Army victim advocates integrate art into education program | Article













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Army Pvt. Wendy Cortez, a culinary specialist in-training with Tango Company, 266th Quartermaster Battalion, 23rd QM Brigade, stands proud after winning a Sexual Assault Awareness and Prevention Month Art Contest within her battalion. Her artwork portrays the emotional struggle of sexual assault victims. The contest is among the innovative tools Army leaders are using to reinforce the role and responsibility of every team member to prevent sexual assault, sexual harassment and associated retaliation. (266th Quartermaster Battalion courtesy photo)
(Photo Credit: Courtesy)

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A thought-provoking sketch created by Army Pvt. Wendy Cortez portrays the struggles of a sexual assault victim. It is the winning entry for a recent 266th Quartermaster Battalion art contest, conducted in conjunction with April’s observance of Sexual Assault Awareness and Prevention Month. Cortez is a culinary specialist in-training with Tango Company, 266th QM Bn. She hails from Pasco, Wash. (266th Quartermaster Battalion courtesy photo)
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Army Pvt. Wendy Cortez (center), a culinary specialist in-training with Tango Company, 266th Quartermaster Battalion, 23rd QM Brigade, is acknowledged by her leadership for winning a Sexual Assault Awareness and Prevention Month Art Contest conducted in April. Training and Doctrine Command recognizes art creation as a “top-level educational tool” for the acquisition of knowledge in its TP350-70-14, a document providing guidance and examples for organizations that develop training and education products for the Army. (266th Quartermaster Battalion courtesy photo)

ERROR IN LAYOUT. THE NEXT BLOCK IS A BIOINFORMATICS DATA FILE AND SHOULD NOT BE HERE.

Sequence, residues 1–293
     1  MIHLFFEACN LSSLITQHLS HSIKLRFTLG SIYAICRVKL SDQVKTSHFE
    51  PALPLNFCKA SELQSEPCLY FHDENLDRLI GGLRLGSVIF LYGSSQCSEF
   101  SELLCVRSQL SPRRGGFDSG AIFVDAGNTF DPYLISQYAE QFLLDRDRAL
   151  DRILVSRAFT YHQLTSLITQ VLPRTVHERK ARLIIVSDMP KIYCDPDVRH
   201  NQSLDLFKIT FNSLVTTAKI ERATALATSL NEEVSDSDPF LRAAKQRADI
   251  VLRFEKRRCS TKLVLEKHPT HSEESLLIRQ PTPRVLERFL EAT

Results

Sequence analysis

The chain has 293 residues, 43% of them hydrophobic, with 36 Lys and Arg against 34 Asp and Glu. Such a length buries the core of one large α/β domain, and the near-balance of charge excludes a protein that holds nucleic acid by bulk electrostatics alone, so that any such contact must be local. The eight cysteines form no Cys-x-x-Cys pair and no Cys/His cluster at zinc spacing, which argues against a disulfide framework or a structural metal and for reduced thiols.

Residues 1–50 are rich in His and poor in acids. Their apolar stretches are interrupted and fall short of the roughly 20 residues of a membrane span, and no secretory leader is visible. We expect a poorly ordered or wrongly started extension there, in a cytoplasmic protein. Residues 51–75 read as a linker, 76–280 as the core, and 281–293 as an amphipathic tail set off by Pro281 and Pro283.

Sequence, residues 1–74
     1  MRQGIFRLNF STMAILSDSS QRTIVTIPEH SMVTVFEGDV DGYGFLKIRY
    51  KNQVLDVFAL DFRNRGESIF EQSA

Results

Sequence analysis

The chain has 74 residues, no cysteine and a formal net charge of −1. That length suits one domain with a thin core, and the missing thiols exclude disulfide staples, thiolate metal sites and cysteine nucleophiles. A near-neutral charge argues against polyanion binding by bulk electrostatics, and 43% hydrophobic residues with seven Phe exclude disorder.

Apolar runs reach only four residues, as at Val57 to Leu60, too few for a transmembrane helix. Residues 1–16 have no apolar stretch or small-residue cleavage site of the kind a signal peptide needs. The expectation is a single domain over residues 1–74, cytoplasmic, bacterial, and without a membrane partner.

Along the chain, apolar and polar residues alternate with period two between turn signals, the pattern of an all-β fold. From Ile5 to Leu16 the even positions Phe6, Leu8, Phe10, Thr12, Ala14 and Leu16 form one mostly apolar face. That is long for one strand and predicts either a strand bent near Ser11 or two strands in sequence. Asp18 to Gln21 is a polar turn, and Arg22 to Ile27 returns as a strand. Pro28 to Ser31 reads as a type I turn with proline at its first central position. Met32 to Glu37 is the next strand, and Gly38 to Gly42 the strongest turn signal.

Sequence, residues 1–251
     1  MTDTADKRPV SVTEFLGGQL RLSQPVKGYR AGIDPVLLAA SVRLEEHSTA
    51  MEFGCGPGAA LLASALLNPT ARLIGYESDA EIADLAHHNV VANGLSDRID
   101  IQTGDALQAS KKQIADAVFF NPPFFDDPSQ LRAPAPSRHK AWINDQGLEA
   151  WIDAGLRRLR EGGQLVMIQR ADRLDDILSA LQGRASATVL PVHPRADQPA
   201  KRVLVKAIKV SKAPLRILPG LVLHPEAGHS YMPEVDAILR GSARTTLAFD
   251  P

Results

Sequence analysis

(Photo Credit: Courtesy)

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FORT LEE, Va. – Army leaders are implementing innovative, research-based instructional strategies in their efforts to raise awareness of and prevent sexual assault.

One example is how 266th Quartermaster Battalion victim advocates at Fort Lee recently came together and organized an art competition to underscore the importance of the Army’s Sexual Harassment/Assault Response and Prevention program.

Training and Doctrine Command recognizes art creation as a “top-level educational tool” for the acquisition of knowledge in its TP350-70-14, a document providing guidance and examples for organizations that develop training and education products for the Army.

“The Army is constantly evolving,” said Sgt. 1st Class Marc Hamilton, a drill sergeant for the U.S. Army Quartermaster School – part of the Combined Arms Support Command based at Fort Lee. “Leaders have to find a way to grasp and maintain the attention of the newer generation, and being innovative will show our future leaders that we are invested in their development by taking the time to do more than what’s considered the norm for training.”

The art contest resulted in a winning drawing that clearly goes beyond the norm. It portrays the struggles of a sexual assault victim, ranging from the anguish of reporting the incident to the fear of retaliation.